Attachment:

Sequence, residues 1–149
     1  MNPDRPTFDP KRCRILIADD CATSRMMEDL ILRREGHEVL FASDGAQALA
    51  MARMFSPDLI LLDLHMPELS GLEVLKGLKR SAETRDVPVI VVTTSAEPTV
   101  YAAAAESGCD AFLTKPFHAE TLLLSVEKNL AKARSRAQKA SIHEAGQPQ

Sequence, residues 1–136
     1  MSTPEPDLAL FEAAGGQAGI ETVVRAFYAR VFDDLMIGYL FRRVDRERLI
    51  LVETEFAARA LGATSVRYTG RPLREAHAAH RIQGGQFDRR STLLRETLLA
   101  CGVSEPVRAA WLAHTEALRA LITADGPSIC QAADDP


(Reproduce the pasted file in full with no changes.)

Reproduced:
Sequence, residues 1–149
     1  MNPDRPTFDP KRCRILIADD CATSRMMEDL ILRREGHEVL FASDGAQALA
    51  MARMFSPDLI LLDLHMPELS GLEVLKGLKR SAETRDVPVI VVTTSAEPTV
   101  YAAAAESGCD AFLTKPFHAE TLLLSVEKNL AKARSRAQKA SIHEAGQPQ

Sequence, residues 1–136
     1  MSTPEPDLAL FEAAGGQAGI ETVVRAFYAR VFDDLMIGYL FRRVDRERLI
    51  LVETEFAARA LGATSVRYTG RPLREAHAAH RIQGGQFDRR STLLRETLLA
   101  CGVSEPVRAA WLAHTEALRA LITADGPSIC QAADDP